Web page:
Since then, Lupul has enjoyed considerable highs, with the most noteworthy being his 67-point campaign in 2011-12, but he’s been plagued by injuries in recent years and struggled to produce even when he could play last season.
“When you work as hard as he did off the ice this summer, you’re way more likely to get more (good) fortune injury-wise,” Babcock said. “He’s tenacious. He works. He looks like a hockey player to me.”
While no one player is likely to single-handedly fill the offensive void left by the Phil Kessel trade, the Maple Leafs can certainly hope to lighten the loss through several players making moderate gains. A bounce back campaign by Lupul would ideally be part of the solution in Toronto.
Shayne Gostisbehere is one of the young defensemen that has the potential to make the Philadelphia Flyers’ blueline a significant strength in a few years, but first he will be spending more time in the minors.
The Philadelphia Flyers announced this morning that Gostisbehere has been cut from their training camp roster along with fellow blueliner Robert Hagg and forward Nick Cousins.
Gostisbehere scored three goals in three preseason games, but those exhibition contests weren’t all good for the 22-year-old. On the defensive side of things, Flyers coach Dave Hakstol felt Gostisbehere showed “some good and some bad along the way. I think he’ll tell you the same thing. There are things he’s learning every day,” per the Philadelphia Inquirer.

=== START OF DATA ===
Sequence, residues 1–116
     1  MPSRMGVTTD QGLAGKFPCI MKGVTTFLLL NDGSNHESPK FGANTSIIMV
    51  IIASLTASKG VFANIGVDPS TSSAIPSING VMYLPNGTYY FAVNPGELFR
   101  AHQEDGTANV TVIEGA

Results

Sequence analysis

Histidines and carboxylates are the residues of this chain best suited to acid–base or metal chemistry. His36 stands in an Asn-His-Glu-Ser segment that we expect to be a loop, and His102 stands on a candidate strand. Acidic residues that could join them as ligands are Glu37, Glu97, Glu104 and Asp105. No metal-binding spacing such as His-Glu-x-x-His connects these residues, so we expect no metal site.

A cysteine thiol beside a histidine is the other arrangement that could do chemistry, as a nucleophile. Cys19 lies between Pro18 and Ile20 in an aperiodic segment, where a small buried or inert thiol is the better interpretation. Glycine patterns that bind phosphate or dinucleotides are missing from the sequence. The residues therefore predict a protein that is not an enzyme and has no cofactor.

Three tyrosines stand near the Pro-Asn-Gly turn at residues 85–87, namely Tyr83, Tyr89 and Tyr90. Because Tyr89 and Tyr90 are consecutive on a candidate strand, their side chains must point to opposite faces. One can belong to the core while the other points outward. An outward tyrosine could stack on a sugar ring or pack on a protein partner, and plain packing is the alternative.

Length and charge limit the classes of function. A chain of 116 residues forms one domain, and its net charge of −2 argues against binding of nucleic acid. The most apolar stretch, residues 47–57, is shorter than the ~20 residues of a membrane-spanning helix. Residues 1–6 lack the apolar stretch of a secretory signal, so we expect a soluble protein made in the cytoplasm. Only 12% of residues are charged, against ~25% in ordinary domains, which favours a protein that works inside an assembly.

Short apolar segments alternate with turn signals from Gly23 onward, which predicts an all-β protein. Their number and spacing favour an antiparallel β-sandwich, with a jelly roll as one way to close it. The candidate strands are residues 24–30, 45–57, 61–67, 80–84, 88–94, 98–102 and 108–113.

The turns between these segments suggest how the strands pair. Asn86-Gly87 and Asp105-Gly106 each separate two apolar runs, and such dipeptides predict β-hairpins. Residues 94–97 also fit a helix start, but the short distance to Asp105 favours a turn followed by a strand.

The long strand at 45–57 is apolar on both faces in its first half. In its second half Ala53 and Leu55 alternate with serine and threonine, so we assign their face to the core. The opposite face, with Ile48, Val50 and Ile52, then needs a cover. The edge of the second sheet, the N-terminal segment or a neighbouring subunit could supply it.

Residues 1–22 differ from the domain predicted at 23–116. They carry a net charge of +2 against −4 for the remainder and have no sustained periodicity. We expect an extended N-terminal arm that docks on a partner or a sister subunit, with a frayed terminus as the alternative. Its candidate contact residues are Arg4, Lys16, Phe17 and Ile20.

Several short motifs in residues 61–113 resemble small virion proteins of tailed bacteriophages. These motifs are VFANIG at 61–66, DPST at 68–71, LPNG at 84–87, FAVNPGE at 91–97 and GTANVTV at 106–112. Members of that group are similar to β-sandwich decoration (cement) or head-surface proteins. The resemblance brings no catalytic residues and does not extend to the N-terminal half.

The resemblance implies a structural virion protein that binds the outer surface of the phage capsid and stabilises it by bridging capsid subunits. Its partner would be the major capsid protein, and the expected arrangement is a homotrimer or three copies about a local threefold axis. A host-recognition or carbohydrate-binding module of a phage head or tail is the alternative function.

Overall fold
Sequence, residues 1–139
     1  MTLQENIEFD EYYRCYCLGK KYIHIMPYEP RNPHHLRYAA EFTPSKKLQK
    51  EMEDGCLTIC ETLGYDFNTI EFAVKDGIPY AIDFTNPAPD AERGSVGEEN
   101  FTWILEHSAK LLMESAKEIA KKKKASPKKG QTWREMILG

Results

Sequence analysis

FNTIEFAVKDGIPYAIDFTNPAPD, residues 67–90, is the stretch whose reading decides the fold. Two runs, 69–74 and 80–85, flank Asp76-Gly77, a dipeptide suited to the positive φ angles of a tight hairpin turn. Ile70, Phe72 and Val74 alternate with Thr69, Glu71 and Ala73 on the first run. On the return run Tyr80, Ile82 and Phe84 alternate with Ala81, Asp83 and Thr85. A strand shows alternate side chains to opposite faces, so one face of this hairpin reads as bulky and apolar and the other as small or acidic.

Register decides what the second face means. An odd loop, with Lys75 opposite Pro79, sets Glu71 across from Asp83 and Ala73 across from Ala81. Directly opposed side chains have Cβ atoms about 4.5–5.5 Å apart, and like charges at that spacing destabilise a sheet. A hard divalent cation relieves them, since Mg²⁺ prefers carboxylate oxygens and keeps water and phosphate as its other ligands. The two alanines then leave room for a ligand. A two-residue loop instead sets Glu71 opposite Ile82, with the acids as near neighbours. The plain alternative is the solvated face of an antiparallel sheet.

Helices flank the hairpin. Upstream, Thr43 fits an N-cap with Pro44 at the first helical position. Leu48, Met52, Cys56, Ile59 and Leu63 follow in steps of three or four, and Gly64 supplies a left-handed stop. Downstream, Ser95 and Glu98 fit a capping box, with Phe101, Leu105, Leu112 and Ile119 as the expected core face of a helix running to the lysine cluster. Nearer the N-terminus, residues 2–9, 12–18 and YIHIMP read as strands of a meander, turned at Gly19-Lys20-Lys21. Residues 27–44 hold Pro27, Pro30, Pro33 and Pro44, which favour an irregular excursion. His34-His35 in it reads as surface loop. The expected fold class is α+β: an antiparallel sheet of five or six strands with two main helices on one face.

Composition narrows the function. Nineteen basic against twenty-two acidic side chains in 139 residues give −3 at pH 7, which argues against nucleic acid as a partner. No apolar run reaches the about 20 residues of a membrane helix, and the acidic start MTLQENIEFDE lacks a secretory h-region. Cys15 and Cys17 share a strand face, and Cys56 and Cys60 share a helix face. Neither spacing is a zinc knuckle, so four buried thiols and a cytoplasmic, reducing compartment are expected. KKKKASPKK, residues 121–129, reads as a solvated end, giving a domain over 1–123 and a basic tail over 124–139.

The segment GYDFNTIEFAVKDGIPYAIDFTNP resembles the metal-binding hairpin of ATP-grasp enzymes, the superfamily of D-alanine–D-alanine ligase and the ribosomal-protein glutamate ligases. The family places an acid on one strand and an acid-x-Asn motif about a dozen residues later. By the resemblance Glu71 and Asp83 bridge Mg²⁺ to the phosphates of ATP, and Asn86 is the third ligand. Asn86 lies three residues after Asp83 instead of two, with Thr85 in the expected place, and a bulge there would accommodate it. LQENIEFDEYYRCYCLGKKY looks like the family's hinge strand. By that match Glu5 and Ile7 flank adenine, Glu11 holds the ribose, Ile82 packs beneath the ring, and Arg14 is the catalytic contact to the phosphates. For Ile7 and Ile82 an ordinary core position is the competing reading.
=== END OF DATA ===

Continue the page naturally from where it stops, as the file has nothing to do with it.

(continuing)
Even looking past that, sending Gostisbehere to the minors might do him some good as he was limited to just seven AHL/NHL games last season due to a torn ACL.
It’s also worth emphasizing that Philadelphia has eight defensemen signed to one-way contracts, so Gostisbehere always faced an uphill battle.
Cousins, 22, is coming off of a strong AHL campaign and might be one of the first forwards Philadelphia calls upon in the event of an injury. As for Hagg, 20, 2014-15 was his first full season in North America after making the transition from Sweden.
The Flyers’ camp roster is down to 32 players.
Marek Zidlicky isn’t making any definitive decisions, but for now it sounds like this season could be his swan song.
“I’m happy I can play one more year and we’ll see after that what happens,” Zidlicky said, per The Record. “I said right away after the season it could be possible I will retire or we will see. You never know. It’s tough for everybody. It doesn’t matter if you are 38 or 28. That’s the business right now.”
Having said all that, the 38-year-old defenseman is looking at the 2015-16 campaign as his “last chance.”
Sure there are cases of players staying competitive into their 40s — Jaromir Jagr being the most obvious recent example — but Zidlicky views the future Hall of Famer and fellow Czech player as different from him.
Zidlicky and Jagr played together with the New Jersey Devils for parts of two seasons, but were both involved in separate trades during the 2014-15 campaign. Zidlicky spent the summer enduring a particularly tough UFA market, but he signed a one-year deal with the New York Islanders on Sept. 18.
At his age, Zidlicky will still probably be leaned on during power-play situations, but he might see his role diminish in other situations.